01 Jun 2017

Two wheels closer to a safe arrival

Scientist are close to proving that bikers can benefit from the lifesaving autonomous braking technology found in new cars — and that total motorcycle accidents could be cut by about 30%.

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Moped or motorbike riders have a 12 times higher chance of dying per kilometre travelled than car drivers, according to researchers.

But one scientist is close to proving that bikers can benefit from the lifesaving autonomous braking technology found in new cars — and that total motorcycle accidents could be cut by about 30 % by networking the machines with car self-braking systems.

The European Commission published a car safety report in 2016 outlining that advanced emergency braking systems should be fitted to all new commercial vehicles, while in 2016 almost all US carmakers agreed to fit the systems as standard on new cars.

An European-born prototype focuses on transferring technology from cars to vulnerable motorcyclists, in this case, integrating emergency call systems into motorbike helmets and safety garments.

But rather than acting like a glorified hands-free headset, the technology developed by the EU-funded i-VITAL project features vital signs sensors and accelerometers, which can recognise crash situations through deceleration analysis. They can then automatically call emergency services via the connected smartphone app.

i-VITAL project coordinator Dr Rafael Maestre explains that encoded data in these calls give emergency services information like the crashed motorcyclist’s GPS position — and a vital link.

‘We are also planning to include a link to a remote server, a shortcut to give emergency staff real-time measurements of things like a biker's pulse and consciousness.’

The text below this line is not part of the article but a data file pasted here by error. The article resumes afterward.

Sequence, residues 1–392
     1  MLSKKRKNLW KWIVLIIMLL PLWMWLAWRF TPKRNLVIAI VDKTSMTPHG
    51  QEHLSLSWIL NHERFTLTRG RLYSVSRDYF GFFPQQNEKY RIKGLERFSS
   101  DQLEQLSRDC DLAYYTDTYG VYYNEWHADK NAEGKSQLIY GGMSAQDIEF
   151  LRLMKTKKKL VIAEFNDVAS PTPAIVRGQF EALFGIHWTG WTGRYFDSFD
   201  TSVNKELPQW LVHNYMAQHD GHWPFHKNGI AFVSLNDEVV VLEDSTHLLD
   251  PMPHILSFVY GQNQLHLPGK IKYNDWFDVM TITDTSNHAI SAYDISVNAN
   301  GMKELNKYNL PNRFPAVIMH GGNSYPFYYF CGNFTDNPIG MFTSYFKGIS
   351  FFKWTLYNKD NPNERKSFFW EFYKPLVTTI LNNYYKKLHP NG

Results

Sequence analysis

With this, emergency services better know what to prepare for and how urgent medical attention is. Motorcyclists can also continue talking to emergency staff if they are able to, even when immobile.

Dr Maestre, a researcher with Spanish research centre CETEM, says riders in their focus groups stressed the need for reliability on long trips — and especially for battery life.

Thus, the EU-funded project integrates wind-powered charging to run the vital signs and accident-detection-sensor electronics in its NZI helmets, and clothes-optimised sensing electronics are included in biker garments from Dutch firm Lookwell.

The two-year project finished with fully functional prototypes in 2015 and Dr Maestre estimates that developmental funding could bring their solution to market in three years.

And although the current aim of i-VITAL is reducing fatalities after crashes happen, he says sensors like the heart rate monitor — along with speed and acceleration data — could eventually be used to help prevent crashes before they happen.

He believes the technology they’ve developed could also have applications in all situations where helmets are required, such as in firefighting, construction sites and even the military, but says that the most elegant possible adaptation of their technology could be the simplest.

‘For example, in a very similar field — cycling. We might have many challenges here in adapting the technology, as motorbike and cycle helmets are rather different, but it wouldn’t be difficult to have a bicycle-optimised system with the same or similar functionality.’

 

Source: Horizon Magazine